Avatars don't sweat: therapy and virtual worlds
Published in Therapy Today December 08
Thanks to John Daniel for an informative and stimulating article on therapy and online virtual worlds (The self set free, Therapy Today November 08). As I have researched the very same subject for a book (The Speed of Angels: Love, Insomnia & Information Technology, due to come out at the end of 2009), I would like to offer some thoughts to what Keith Silvester in the same article rightly calls “a very interesting debate that will probably run for many years”. He seems to confuse, however, imagination with fantasy: the first belongs to psyche and to the wider organismic sphere, whilst the second is manufactured by the ego. A computer-generated avatar is the fascinating and seductive expression of the fantasy of omnipotence brought about by an insecure ego which at all times maintains considerable degrees of control. A sub-personality is on the other hand part of the wider sphere of psyche (a.k.a. soul) and of the organism, which the ego will never manage to control with a keyboard and a mouse: with psyche (as with the organism, as with real life) the ego can only do one thing: learn from it.
Tim Guest makes a similar mistake when he equates virtual worlds to dreams, the latter being, according to him, “a place in which the unconscious is at play, not bound by the restrictions of the real world”. But in dreams – as W.B. Yeats teaches us – begin responsibilities: their language, baffling, mysterious, forever unfathomable, provides the ego with the ABC of psyche. Dreams are not the arena for ego’s unbridled and frustrated fantasies but instead a learning ground to be approached with humility. As with most of the issues that the therapy profession grapples with, it is a matter of choosing between psycho-therapy or ego-therapy. The point is perhaps unwittingly spelled out in the same article by John Suler when he says that an avatar might stimulate an “observing ego”. Indeed: it might also stimulate a controlling ego, for whom the blood, sweat and tears of existence are just too messy. It might efficiently stimulate a perfectionist ego for whom the anxieties and uncertainties inherent in face-to-face relating are just not good enough, or too scary.
Of course virtual worlds, as John Daniel points out, provide for many a way of coping, and it is wonderful that they help the men and women with cerebral palsy met by Tim Guest in Boston. This is one of many examples in which technology can be put in the service of the good. I am however sceptical of claims such as Monica Whitty’s, according to which virtual space would be akin to Winnicott’s “potential space”, a space characterized by play. What define play and creativity are the joy and the gratuitousness of it, and it seems to me that instead dissatisfaction, desire for control over life’s uncertainty constitute the dominant attributes of virtual reality.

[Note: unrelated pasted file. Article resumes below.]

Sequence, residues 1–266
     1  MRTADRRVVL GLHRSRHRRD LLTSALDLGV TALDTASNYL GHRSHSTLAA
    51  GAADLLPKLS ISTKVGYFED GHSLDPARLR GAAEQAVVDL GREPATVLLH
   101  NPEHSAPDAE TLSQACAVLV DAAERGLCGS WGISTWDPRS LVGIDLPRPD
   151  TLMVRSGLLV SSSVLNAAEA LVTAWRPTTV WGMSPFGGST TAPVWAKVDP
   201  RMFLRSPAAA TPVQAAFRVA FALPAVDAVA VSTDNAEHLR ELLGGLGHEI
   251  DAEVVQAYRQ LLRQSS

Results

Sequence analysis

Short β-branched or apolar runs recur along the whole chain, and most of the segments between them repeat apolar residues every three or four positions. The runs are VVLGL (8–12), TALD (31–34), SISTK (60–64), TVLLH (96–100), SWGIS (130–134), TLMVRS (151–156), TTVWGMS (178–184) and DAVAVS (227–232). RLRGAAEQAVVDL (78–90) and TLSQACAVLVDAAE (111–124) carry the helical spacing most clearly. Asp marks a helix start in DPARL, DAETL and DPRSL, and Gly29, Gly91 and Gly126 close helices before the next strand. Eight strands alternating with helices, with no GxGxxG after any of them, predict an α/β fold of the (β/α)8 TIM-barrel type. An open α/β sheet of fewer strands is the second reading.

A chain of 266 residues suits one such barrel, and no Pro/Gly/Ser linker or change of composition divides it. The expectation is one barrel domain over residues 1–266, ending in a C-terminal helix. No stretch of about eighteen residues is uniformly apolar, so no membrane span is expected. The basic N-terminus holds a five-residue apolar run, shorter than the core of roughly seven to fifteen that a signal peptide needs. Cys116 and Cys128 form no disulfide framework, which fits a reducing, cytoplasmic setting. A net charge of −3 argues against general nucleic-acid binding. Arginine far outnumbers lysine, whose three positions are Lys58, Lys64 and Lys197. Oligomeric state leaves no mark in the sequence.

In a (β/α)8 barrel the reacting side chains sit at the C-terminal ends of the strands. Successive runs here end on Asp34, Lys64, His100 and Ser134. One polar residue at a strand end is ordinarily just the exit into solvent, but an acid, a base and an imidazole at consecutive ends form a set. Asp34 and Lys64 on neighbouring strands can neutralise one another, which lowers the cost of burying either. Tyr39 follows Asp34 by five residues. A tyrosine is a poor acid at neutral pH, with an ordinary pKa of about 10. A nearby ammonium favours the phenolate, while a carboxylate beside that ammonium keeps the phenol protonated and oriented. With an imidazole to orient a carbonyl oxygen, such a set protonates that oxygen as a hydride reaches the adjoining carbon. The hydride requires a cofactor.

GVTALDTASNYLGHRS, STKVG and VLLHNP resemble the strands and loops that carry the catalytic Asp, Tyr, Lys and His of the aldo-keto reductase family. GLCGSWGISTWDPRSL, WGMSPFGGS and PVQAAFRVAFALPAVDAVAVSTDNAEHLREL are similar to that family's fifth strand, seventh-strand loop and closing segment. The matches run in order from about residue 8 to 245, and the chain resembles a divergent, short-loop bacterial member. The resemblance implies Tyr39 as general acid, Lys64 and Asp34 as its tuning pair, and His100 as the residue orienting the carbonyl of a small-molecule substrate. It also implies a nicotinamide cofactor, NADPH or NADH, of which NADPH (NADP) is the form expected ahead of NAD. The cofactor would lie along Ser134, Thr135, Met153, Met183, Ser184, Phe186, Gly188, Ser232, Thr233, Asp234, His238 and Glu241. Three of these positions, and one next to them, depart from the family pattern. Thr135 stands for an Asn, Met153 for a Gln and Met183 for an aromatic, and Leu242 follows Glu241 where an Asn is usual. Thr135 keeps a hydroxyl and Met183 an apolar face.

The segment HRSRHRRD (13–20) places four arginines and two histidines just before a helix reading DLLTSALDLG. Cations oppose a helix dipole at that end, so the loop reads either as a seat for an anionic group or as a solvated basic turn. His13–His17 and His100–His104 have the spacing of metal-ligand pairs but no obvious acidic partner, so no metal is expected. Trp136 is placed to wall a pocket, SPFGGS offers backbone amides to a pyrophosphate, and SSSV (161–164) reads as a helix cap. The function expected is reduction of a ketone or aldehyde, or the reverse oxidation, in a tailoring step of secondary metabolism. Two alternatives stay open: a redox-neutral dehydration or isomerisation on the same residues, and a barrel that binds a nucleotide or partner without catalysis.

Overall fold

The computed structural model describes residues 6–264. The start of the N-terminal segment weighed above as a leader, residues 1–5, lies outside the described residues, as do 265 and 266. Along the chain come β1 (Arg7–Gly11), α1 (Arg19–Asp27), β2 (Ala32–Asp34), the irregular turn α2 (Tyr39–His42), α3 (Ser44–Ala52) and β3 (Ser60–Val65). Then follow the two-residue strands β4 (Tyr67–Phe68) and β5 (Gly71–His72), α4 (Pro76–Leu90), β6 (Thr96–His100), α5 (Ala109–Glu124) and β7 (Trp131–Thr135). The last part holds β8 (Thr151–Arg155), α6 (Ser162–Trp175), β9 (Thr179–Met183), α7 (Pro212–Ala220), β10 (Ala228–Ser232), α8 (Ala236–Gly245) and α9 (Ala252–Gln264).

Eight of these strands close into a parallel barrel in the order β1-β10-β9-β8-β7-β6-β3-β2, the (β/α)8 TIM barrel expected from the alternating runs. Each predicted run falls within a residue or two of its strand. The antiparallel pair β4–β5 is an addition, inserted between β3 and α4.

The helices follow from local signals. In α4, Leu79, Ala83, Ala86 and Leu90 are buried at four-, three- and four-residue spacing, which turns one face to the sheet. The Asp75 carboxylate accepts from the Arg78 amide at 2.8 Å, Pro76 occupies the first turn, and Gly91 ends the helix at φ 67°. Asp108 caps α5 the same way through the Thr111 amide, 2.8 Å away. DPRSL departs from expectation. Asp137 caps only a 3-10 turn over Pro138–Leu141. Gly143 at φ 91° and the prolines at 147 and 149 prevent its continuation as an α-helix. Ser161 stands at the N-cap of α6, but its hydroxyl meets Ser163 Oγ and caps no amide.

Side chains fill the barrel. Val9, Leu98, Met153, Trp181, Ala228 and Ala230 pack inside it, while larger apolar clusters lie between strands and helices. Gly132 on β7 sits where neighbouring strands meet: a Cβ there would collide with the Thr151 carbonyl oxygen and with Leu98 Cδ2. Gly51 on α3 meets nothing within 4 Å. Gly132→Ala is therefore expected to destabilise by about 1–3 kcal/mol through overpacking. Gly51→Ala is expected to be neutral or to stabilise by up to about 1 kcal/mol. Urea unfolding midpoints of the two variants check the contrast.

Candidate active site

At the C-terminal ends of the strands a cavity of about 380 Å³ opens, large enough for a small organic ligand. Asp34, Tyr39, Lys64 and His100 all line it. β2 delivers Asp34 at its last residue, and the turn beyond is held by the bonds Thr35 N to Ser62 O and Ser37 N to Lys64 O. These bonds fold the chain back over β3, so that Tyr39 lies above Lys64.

I recognize the crucial point stressed by John Daniel, that as therapists we have to be conversant with such “realities” and the challenges that they throw to our profession. Personally, I find the prospect of mutation and metamorphosis into what some thinkers already call the “trans-human” condition truly fascinating, but there are crucial differences: for instance, in Ovid’s Metamorphosis humans, seized by powerful emotions, combust into other forms, and in this way the sheer power of human feelings and passions are honoured. The part-time metamorphosis of a bored and frustrated individual into an avatar is instead a way of shielding away those very same emotions, the body and the organism that contain them. I suspect that one of the great achievements of virtual worlds might be manifesting what institutionalized religions have failed to accomplish: the denial of the body and the denigration of human passions. The other achievement is to provide the self with an illusion of freedom: a contradiction in terms, since freedom is freedom from the self and openness to life. A self set free? Mmh…a self chained to its desk by virtual delusions of grandeur, more likely.
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About Manu Bazzano
My work is an extension of my way of being in the world. More a vocation than a job: an aspiration to be a host, to allow space and time for exploration and healing; a deep trust in the autonomy, uniqueness, and inner resources of each individual. I am a qualified psychotherapist and counsellor, UKCP and BACP registered. I work with individuals and couples dealing with life transitions, rel… Read more
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